This is a country inn with a contemporary feel and serves up local cask ales from the nearby Bowland Brewery (some of their creations include the bestselling Hen Harrier and the rich Cromwell Stout). Located in Lancashire’s lush Ribble Valley, the surroundings provide much of the produce for their seasonally inspired menus.
This is another building in our list which has Grade II listed status: this one is a 19th-century jailhouse and police station (the space is still divided into ‘cells’). Its life as a real ale pub and vibrant city-centre venue began in 2011. If you decide to visit, don’t miss “The Governor”, an ale by Marco Pierre White, brewed by local Manchester firm J W Lees.
You’re sure to receive a local’s welcome when you visit the White Horse in Baston. They are geared up for beer drinkers with a happy hour deal on draught beers (hooray!) with 30p off your pint on weeknights from 5pm – 7pm. And when the sun shines, the patio is the perfect spot to enjoy a pint or two.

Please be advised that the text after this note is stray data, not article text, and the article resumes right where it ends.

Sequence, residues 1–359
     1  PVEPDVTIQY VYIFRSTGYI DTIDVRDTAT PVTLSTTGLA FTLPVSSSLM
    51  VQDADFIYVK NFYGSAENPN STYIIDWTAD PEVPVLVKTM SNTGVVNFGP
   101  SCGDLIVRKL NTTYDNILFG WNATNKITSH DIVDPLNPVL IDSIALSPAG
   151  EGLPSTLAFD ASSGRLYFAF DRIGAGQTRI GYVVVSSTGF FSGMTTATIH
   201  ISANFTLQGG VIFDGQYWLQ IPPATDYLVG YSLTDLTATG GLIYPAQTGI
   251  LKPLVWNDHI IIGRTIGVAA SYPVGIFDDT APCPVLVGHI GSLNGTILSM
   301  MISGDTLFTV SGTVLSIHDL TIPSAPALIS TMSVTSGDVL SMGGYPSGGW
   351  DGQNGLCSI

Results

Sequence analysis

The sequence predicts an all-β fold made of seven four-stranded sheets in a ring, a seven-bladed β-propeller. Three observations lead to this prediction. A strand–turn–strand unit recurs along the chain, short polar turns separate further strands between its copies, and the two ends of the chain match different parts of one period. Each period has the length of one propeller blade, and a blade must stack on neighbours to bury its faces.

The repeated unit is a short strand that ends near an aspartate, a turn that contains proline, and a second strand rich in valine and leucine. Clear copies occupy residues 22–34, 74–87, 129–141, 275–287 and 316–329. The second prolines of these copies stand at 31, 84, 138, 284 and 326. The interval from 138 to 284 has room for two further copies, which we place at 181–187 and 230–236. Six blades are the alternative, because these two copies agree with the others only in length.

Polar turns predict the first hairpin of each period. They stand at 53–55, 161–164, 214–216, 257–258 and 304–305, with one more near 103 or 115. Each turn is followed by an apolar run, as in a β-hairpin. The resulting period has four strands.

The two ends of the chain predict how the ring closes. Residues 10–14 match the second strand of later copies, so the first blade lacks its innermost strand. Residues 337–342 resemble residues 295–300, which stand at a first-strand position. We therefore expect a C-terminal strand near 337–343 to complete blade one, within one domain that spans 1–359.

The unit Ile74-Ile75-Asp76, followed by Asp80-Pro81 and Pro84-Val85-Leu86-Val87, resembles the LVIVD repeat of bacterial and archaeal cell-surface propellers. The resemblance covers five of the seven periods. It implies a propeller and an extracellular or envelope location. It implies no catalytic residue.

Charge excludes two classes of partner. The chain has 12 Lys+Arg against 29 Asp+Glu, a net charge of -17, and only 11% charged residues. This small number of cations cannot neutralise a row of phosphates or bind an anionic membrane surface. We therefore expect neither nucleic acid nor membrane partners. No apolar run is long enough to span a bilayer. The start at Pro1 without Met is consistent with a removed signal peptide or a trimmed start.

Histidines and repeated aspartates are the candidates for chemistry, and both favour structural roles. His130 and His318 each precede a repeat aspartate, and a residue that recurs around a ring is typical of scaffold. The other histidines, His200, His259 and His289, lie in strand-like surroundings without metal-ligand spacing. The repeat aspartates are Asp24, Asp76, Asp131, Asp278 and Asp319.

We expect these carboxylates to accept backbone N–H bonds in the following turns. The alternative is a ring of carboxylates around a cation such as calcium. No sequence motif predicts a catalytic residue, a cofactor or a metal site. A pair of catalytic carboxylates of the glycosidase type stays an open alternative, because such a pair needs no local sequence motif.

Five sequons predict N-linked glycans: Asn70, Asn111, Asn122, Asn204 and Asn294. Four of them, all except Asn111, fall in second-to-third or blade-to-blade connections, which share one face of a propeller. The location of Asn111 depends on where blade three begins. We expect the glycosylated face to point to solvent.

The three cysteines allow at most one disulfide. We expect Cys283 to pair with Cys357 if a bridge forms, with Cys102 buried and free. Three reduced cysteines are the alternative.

There’s something special about the dark, oak panels and inglenook fireplaces of Ye Olde White Harte. You’ll find beers from Theakstons and Caledonian breweries and they rotate their guest ales to so there will always be something to surprise you. While you’re there, don’t miss the resident skull (discovered under the staircase).
The Tyne Bar has been setting the Newcastle pub scene trend since it opened in 1994. It’s the only spot in the city where you can find Wylam brewery’s ales including Angel, Gold Tankard and Magic. If you like a craft lager, there’s Erdinger Weissbier on tap as well as beers from around the world. Live music finishes this place off a treat.
Marble Beers have four pubs in Manchester and the Marble Arch was their first. It’s a grade II listed building with high ceilings and 11 hand pulls to serve up the perfect pint. Their experimental brews include speciality beers from Japanese Yuzu IPA to the 10.4% ABV knock-out, Imperial Russian Stout. The Marble Arch team sum it up best themselves: “We feel a good ale house should have low music and high spirits”. I couldn’t agree more.